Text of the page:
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Monday, June 20, 2011

What Should I Do During a Traffic Stop?

"You're a lawyer, right?  What should I do if I get pulled over by a cop?  Do I have to sign the ticket?  Do I have to get out of the car if the cop asks me to?"  I can't begin to keep track of the number of dinner conversations that begin this way when someone learns what I do for a living.  I can't say I blame them, we've all had those experiences with being pulled over and not being quite sure what to say or do in a traffic stop.  We often think we can talk our way out of a ticket, and just start blabbing away to the cop.  From an attorney's persepective though, talking uncontrollably to the cop is probably one of the worst things you can do.

A traffic stop is a detention by a police officer.  It is intended to be brief and to last no longer than it takes to write out the traffic citation (keep in mind that writing the citation includes checking your proof of insurance and car registration as well as the protocol of running your name through their database to make sure you do not have any warrants for your arrest).  Once the ticket is written and handed to you, there's no reason you should continue to be detained and you should be free to leave.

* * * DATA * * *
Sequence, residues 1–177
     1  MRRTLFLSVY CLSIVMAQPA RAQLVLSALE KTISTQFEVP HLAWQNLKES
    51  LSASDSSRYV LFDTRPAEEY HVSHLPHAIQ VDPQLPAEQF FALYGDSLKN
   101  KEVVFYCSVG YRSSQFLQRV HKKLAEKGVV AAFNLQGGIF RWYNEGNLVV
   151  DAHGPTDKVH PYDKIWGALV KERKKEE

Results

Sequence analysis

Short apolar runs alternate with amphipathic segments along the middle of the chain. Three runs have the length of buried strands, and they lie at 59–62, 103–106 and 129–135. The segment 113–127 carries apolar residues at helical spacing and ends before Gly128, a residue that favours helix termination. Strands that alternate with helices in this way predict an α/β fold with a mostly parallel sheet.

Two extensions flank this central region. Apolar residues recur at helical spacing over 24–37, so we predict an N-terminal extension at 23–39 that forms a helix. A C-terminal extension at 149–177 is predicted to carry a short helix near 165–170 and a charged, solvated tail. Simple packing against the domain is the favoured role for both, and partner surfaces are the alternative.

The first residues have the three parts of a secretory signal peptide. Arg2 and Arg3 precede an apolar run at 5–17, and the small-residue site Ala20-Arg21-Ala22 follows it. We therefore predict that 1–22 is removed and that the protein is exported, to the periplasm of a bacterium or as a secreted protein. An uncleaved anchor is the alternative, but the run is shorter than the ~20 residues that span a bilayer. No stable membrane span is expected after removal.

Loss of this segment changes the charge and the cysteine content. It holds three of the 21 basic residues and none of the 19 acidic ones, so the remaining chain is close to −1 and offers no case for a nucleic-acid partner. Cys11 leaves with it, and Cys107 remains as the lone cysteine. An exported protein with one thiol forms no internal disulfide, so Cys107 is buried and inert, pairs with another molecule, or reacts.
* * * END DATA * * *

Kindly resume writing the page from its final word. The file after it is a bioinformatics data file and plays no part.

Here are some brief, helpful tips to keep in mind if you ever find yourself pulled over by the officer:

-When you see the lights or hear the siren behind you and you realize the officer wants to pull you over, you should pull over as soon as it becomes safe to do so.  Sometimes you're on a fast highway and there isn't any space on the side of the road, or it's a dark and poorly lit area and you don't feel safe.  That's fine, just turn on your turn signal and slow down your speed so the officer knows you are aware of his/her intent to pull you over and is assured you intend to do so, then stop at the closest exit or business or residential area.  You don't want the officer to think you intend to flee or engage in a chase, so do what you can to minimize that perception.  Fleeing or attempting to elude a police officer is a crime, so don't do anything like accelerate the car to give the officer reason to arrest you for that once you've been pulled over.